Study shows mother’s stress can affect baby’s brain

Pregnant woman used to illustrate the story
Pregnant woman used to illustrate the story

New evidence from fetal brain scans has shown that a mother’s stress during pregnancy can change the neural connectivity in the brain of her unborn child, potentially affecting the baby’s brain functions.

Moriah Thomason, an assistant professor of Wayne State University, presented this new finding on Monday at the 25th meeting for the Cognitive Neuroscience Society in Boston.

He explained that research in newborns and older children to understand prenatal influences has been confounded by the postnatal environment.

But recent advancements in fetal imaging allowed researchers to gain insight into a critical time period in brain development never previously accessible.

Using fetal resting-state FMRI or functional magnetic resonance imaging, they examined functional connectivity in 47 human fetuses scanned between the 30th and 37th week of gestation.

Conducting in-utero brain scans are challenging because of the always wriggling babies.

Thomason’s team recruited the participating mothers from a low-resource and high-stress urban setting, with many reporting high-levels of depression, anxiety, worry, and stress.

They found that mothers reporting high stress had fetuses with a reduced efficiency in how their neural functional systems are organised.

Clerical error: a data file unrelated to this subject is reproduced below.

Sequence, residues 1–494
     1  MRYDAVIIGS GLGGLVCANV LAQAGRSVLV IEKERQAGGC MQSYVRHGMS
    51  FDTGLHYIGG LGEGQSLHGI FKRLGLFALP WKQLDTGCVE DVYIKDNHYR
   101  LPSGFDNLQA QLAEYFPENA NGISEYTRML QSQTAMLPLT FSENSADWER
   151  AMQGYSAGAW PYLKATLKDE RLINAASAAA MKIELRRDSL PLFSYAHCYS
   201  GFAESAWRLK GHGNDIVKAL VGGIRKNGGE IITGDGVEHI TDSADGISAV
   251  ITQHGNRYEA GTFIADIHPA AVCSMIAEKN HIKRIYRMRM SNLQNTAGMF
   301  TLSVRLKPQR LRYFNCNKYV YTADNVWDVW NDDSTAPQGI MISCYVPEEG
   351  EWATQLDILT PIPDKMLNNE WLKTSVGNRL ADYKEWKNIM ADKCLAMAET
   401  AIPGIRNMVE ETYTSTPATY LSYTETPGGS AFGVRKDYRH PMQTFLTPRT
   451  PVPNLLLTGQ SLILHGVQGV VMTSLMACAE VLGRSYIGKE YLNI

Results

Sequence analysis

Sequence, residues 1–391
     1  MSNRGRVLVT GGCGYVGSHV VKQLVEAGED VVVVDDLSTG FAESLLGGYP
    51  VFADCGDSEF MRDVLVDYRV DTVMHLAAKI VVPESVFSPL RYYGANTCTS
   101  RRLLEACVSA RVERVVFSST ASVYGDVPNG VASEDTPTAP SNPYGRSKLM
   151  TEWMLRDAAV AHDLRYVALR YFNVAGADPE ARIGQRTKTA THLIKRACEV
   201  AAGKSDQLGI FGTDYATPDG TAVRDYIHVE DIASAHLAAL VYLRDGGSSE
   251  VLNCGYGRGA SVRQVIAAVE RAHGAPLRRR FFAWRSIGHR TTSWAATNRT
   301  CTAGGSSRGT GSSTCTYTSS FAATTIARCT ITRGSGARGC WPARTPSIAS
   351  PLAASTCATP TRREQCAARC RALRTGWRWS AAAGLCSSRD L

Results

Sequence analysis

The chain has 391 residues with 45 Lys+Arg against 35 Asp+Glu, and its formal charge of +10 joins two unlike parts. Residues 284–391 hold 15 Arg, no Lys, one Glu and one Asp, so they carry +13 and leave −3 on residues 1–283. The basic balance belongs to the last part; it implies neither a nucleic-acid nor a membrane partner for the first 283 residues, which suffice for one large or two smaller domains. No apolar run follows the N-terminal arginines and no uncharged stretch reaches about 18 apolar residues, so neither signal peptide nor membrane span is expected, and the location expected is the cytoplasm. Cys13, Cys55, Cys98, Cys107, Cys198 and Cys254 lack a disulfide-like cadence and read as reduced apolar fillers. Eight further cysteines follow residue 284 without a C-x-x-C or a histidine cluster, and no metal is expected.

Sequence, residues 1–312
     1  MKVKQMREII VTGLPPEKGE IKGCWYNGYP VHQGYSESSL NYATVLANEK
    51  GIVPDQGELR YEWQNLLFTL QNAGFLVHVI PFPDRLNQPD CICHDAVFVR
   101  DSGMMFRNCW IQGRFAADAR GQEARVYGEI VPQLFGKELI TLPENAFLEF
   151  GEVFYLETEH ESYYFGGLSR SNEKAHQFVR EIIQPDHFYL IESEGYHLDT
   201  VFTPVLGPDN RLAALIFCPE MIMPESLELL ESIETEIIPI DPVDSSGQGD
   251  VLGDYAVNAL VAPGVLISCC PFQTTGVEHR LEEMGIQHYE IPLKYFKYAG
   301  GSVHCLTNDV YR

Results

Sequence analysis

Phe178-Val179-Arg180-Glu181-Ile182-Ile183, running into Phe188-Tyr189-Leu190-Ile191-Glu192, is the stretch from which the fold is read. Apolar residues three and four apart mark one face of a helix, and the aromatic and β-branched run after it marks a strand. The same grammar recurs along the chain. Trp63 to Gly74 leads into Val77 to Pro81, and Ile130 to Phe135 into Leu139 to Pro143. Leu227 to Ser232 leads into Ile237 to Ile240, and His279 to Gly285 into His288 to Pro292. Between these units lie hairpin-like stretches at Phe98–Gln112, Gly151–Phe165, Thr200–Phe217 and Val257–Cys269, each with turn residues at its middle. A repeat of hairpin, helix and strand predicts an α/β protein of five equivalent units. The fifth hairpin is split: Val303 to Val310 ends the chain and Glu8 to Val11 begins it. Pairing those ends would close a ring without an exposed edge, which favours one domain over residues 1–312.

It is the first time imaging has shown a direct influence of maternal stress on fetal brain development, independent of influences of the postnatal environment.

“The major thrill is that we have demonstrated what has long been theorised, but not yet observed in a human, which is that the stress of a mother during her pregnancy is reflected in connectional properties of her child’s developing brain,” Mr Thomason said.

The researchers found that the cerebellum played a central role in the observed effects, suggesting it may be especially vulnerable to the effects of prenatal or early life stress.

The cerebellum has the highest density of glucocorticoid receptors, which are involved in stress responses, than any other place in the brain.
(Xinhua/NAN)



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